- About Herbs (available for iPhone/iPad or as web-based version for other mobile devices) was created by New York City’s Memorial Sloan Kettering Cancer Center to help cancer patients take advantage of alternative treatment options in the safest and most informed way. "This app provides comprehensive, objective information about herbs, botanicals, supplements, complementary therapies, and more," Patel says. The app provides info about the possible adverse effects and interactions of various complementary treatments, allowing you to determine which therapies are the safest and most effective.
- Evernote (for iPhone/iPad and Android) makes it easy to take notes, make checklists, and store PDFs of medical records, test results, and more. You can organize your information and share it with others right through the app. You can also access your files on different devices, both at home and on the go. While the app is free, there’s also the option to pay for a premium subscription that increases its functionality.
- Clinical Trials (only for iPhone/iPad) "provides easy access to search the National Library of Medicine (NLM) database of available clinical trials worldwide," Patel explains. Run by Pharmaceutical Product Development (PPD), the app allows you to search for various research opportunities and clinical trials you may want to participate in. Clinical Trials allows you to specify various preferences, including location. You can also register with PPD to participate in upcoming trials directly through the app.
- Cancer Navigator (only for iPhone/iPad) was designed by oncologists to help cancer patients and their families to cope with the effects of chemotherapy, radiation, and surgery. This app makes it easy to track your symptoms, see patterns, and share information with your doctor. It also allows you to keep a timeline of your medical history, procedures, and treatments all in one place.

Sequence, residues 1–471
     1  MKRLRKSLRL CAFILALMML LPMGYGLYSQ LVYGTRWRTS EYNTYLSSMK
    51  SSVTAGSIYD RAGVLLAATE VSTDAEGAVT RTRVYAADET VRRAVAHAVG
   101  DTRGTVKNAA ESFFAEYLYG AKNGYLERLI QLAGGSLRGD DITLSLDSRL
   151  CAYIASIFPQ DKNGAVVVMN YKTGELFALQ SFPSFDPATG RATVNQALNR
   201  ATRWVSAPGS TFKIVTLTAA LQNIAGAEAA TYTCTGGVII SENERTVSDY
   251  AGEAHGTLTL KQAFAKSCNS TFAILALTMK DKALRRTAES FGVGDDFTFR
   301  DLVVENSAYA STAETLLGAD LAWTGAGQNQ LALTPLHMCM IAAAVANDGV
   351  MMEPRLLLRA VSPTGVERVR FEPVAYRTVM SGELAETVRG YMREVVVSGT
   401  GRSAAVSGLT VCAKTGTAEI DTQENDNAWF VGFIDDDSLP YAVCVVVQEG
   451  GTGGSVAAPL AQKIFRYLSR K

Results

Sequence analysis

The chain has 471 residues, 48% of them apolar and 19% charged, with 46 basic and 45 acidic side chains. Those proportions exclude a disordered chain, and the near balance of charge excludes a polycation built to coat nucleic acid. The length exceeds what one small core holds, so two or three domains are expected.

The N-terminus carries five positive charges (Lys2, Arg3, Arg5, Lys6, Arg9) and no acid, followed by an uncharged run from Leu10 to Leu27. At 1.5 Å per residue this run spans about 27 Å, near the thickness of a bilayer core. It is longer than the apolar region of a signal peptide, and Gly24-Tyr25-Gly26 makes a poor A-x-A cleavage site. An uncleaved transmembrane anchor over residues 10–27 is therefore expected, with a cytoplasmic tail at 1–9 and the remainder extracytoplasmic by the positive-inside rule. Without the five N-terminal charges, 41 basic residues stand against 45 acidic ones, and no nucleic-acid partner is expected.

- Canopy Medical Translator (for iPhone/iPad and Android) translates medical information for patients who don’t speak English as their first language. "This app currently does not have [a designated] oncology section, but it has many other sections and can translate into 15 languages," Patel says. This is an essential tool for ensuring that foreign language-speaking patients and their families understand medical information and recommendations properly, and can also communicate their questions and concerns back to their medical providers.
Tejal Patel, MD, reviewed this article.
Patel, Tejal, MD. Email interview. July 18, 2015. http://www.goodrx.com/ GoodRx. Website accessed July 27, 2015.
Cancer.Net. American Society of Clinical Oncology. 2015.
MedHelper. Website accessed July 27, 2015.
RestaurantNutrition. Facebook. Page accessed July 27, 2015.
MyFitnessPal. Website accessed July 27, 2015.
About Herbs. Memorial Sloan Kettering Cancer Center. 2015.
ClinicalTrials.com. Pharmaceutical Product Development. 2015.
Cancer Navigator. MD Acuity, LLC. Website accessed July 27, 2015.
Canopy Medical Translator. Canopy. Website accessed July 27, 2015.